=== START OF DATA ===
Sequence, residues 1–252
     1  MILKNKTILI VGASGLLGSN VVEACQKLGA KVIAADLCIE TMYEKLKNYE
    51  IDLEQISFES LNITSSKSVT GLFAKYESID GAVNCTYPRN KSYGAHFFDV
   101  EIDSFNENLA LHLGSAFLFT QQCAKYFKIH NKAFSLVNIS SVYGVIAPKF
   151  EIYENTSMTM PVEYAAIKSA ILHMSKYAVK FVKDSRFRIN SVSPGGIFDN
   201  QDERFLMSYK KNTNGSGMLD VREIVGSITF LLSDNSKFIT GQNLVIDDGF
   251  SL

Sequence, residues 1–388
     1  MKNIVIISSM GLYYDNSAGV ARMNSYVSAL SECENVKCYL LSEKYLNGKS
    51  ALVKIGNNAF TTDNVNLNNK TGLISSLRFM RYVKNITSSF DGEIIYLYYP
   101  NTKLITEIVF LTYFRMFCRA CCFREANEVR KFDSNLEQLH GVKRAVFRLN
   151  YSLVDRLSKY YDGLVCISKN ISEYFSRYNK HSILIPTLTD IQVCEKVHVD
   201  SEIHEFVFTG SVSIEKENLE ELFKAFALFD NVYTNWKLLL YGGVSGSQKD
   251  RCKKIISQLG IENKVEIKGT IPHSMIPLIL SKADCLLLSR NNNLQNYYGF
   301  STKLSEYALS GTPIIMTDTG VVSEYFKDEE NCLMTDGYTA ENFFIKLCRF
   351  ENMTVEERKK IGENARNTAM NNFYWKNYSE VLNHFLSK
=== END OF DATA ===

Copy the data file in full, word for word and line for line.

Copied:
Sequence, residues 1–252
     1  MILKNKTILI VGASGLLGSN VVEACQKLGA KVIAADLCIE TMYEKLKNYE
    51  IDLEQISFES LNITSSKSVT GLFAKYESID GAVNCTYPRN KSYGAHFFDV
   101  EIDSFNENLA LHLGSAFLFT QQCAKYFKIH NKAFSLVNIS SVYGVIAPKF
   151  EIYENTSMTM PVEYAAIKSA ILHMSKYAVK FVKDSRFRIN SVSPGGIFDN
   201  QDERFLMSYK KNTNGSGMLD VREIVGSITF LLSDNSKFIT GQNLVIDDGF
   251  SL

Sequence, residues 1–388
     1  MKNIVIISSM GLYYDNSAGV ARMNSYVSAL SECENVKCYL LSEKYLNGKS
    51  ALVKIGNNAF TTDNVNLNNK TGLISSLRFM RYVKNITSSF DGEIIYLYYP
   101  NTKLITEIVF LTYFRMFCRA CCFREANEVR KFDSNLEQLH GVKRAVFRLN
   151  YSLVDRLSKY YDGLVCISKN ISEYFSRYNK HSILIPTLTD IQVCEKVHVD
   201  SEIHEFVFTG SVSIEKENLE ELFKAFALFD NVYTNWKLLL YGGVSGSQKD
   251  RCKKIISQLG IENKVEIKGT IPHSMIPLIL SKADCLLLSR NNNLQNYYGF
   301  STKLSEYALS GTPIIMTDTG VVSEYFKDEE NCLMTDGYTA ENFFIKLCRF
   351  ENMTVEERKK IGENARNTAM NNFYWKNYSE VLNHFLSK